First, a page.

It might surprise you to know that the lastest 737 MAX grounding is not Boeing’s first. In fact, back in 2013, the airframe suffered another blow on the back of battery problems with its 787 model. What happened, and how did Boeing overcome this hurdle?
2013 was an unfortunate year for Boeing in terms of its 787 Dreamliner range. Having first brought out the aircraft in 2007, the airframer ran into issues with the aircraft some years later. After a string of similar smoke and fire-related events, the Federal Aviation Administration (FAA) issued an investigation into the 787.
The issue stemmed from the aircraft’s lithium-ion battery, and redevelopment was needed. Here’s a look back at what happened.
Problems began in January 2013
The first anyone knew about problems with the Boeing 787 battery was on January 7th, 2013. A Japan Airlines 787 had arrived at Boston Logan International Airport at 10:00 local time (14:00 UTC). With 183 passengers and crew on board, the aircraft was being prepared for its next departure when a worker noticed smoke.
Immediately, the plane was evacuated and emergency services called. What they found was a fire in the belly of the aircraft accompanied by lots of smoke in the cabin. According to the Chief of the Massport Fire-Rescue Department, who spoke to CNN at the time, fire crews “advanced an aggressive, offensive fire attack.”
The Fire Chief went on to say,
“We did have a flare-up. There was a small explosion – one of the batteries, and we again went in with a secondary attack and were again able to knock it down.”
However, that was not the only issue. Two days later, a United Airlines 787 reported a wiring fault in the same area as the Japan Airlines fire. The FAA and Japanese Transport Ministry both launched separate reviews into the issue.
ANA 787 makes an emergency landing
At the time of the Japan Airlines and United Airlines incidents, 787s were still flying. It was not thought that the threat was severe enough for a grounding. These two incidents were, so far as the FAA thought, isolated instances.
That said, there would still be another incident to come. Perhaps the most severe battery fault with the 787 was when All Nippon Airways (ANA) made an emergency landing in Takamatsu Airport. The aircraft registered JA804A was carrying 137 passengers and crew and was performing a domestic route between Ube and Tokyo.
A burning smell wafted through the cabin at the same time that crews became aware of battery problems. Pilots secured the all-clear for an emergency landing at Takamatsu Airport, where the plane was evacuated. Only three sustained injuries as a result of the evacuation.
What was the issue?
Following this incident, the FAA ordered all 787 to be grounded on January 17th, 2013, while it investigated the issue. Its Airworthiness Directive and review focused on the critical systems of the aircraft, including special attention in the lithium-ion battery.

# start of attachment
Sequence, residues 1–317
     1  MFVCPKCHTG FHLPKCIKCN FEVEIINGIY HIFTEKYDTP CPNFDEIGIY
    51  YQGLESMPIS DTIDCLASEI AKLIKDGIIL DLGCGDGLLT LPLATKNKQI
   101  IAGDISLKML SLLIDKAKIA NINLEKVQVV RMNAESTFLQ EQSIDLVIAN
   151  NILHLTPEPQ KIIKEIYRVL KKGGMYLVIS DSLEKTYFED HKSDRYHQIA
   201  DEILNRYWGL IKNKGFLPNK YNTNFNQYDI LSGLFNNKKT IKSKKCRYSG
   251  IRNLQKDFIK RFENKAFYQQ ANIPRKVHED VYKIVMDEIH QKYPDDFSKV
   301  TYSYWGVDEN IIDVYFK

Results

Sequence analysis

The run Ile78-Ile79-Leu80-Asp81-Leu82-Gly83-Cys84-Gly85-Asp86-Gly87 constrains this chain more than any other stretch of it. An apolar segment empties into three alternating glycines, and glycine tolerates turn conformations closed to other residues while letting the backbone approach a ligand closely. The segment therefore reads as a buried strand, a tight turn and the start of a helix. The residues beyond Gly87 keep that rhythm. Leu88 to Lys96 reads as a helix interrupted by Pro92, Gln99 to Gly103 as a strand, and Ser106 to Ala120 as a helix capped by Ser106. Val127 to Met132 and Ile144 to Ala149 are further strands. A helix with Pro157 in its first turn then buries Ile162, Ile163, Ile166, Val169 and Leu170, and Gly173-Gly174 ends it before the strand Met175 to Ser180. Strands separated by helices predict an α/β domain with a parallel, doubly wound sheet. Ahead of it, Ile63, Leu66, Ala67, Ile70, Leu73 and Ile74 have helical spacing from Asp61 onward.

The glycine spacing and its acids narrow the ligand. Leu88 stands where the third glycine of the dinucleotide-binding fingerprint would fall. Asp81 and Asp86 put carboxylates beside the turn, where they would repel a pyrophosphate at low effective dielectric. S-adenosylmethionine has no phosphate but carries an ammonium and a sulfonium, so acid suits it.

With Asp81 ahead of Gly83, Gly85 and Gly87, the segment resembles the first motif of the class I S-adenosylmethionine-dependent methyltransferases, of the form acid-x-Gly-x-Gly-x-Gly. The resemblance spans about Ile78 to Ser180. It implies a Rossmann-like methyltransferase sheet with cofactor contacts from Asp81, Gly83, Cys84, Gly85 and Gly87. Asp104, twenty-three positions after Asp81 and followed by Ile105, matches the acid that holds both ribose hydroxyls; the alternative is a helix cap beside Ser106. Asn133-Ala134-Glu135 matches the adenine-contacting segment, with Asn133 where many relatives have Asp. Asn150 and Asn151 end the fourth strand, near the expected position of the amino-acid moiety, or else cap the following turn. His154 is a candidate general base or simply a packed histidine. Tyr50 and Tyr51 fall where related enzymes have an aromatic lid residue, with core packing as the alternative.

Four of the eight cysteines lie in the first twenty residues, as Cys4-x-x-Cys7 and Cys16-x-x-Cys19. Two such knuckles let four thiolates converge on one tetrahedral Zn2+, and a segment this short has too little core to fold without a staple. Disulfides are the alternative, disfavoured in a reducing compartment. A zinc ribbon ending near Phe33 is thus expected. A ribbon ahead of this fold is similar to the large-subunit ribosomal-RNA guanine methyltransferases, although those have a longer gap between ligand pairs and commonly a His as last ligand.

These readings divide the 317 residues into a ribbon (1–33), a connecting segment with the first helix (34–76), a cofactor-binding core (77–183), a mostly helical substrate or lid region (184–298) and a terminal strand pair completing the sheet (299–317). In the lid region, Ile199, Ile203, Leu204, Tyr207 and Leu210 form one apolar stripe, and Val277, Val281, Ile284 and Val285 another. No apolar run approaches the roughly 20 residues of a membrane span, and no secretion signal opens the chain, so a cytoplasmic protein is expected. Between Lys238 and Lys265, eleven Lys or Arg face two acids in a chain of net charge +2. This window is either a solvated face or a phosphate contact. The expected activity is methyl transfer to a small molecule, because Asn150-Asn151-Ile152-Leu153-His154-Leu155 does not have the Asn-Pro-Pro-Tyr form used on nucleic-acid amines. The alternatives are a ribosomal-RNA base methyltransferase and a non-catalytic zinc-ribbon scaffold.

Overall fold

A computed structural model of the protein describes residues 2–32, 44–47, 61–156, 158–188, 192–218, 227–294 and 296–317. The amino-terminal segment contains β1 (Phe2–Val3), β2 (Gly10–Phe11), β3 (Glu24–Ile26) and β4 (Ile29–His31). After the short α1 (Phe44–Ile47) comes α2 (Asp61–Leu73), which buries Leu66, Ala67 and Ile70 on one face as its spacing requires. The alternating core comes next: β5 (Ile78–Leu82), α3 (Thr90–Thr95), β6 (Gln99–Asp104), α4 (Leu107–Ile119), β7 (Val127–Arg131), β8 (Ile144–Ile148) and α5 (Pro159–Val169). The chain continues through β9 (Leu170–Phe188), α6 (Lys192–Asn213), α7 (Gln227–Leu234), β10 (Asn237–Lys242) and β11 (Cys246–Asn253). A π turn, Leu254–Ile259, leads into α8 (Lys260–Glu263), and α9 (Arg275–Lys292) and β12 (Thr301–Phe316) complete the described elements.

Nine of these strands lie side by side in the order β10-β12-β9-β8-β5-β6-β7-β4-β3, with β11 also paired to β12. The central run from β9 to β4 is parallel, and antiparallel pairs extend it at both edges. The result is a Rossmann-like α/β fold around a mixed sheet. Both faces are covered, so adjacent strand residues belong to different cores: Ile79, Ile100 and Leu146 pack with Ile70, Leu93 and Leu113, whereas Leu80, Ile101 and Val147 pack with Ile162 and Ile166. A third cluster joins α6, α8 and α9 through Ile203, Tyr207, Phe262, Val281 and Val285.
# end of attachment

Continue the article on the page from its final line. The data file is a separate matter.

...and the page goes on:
Initial findings determined that the fires on the aircraft had not been a result of excess voltage. Neither was the charging point to blame. Instead, it was believed that one cell within the battery had short-circuited. That had, in turn, caused thermal runaway into other cells resulting in overheating and fire.
As part of the investigation, at the end of 2014, the National Transportation Safety Board (NTSB) found fault with three entities. Firstly, GS Yuasa was indicted for the inadequate manufacture of the battery in Japan. Secondly, a lack of responsibility was placed on Boeing engineers who didn’t carry out sufficient scenario testing.
Thirdly, the NTSB called the FAA into question for not highlighting the issue sooner.
Boeing gets to work with a solution
After initial investigations, Boeing was quick to come up with a solution to its battery issues. In February 2013, it submitted a proposal for the update of the 787 battery and later made changes. In a press release from March 2013, the airframer said,
“Design feature improvements for the battery include the addition of new thermal and electrical insulation materials and other changes. The enhanced production and testing processes include more stringent screening of battery cells prior to battery assembly. Operational improvements focus on tightening of the system’s voltage range. A key feature of the new enclosure is that it ensures that no fire can develop in the enclosure or in the battery.”
On April 19th, 2013, Boeing announced that the FAA had approved its battery improvements. It could now begin the process of returning the aircraft to service. While four months on the ground did incur a high cost for some airlines, Boeing’s timely fix ensured that it wasn’t any worse.
How bad are battery problems?
Of course, an airplane is at its best when all the components work, and no airframer will put out an aircraft unless that’s the case. Boeing had expected to get around 10 million flight hours out of its battery, but that wasn’t the case by the time issues arose.
At the time of the incidents, a battery fire could have been pretty severe, given that there are no fire suppression tools within that area. However, Boeing’s solution to better contain potential fires makes this element much safer.
In addition, while ANA’s fire could have been worse, the responsiveness of crews was crucial to the safety of all onboard.
Boeing’s 787s are now even safer to fly thanks to essential updates. Since then, no large scale issues have arisen. That said, a United Airlines 787 did experience an overheating problem on its approach to Paris Charles De Gaulle Airport in 2017. This is thought to be an isolated incident and has not resulted in the further grounding of the fleet.
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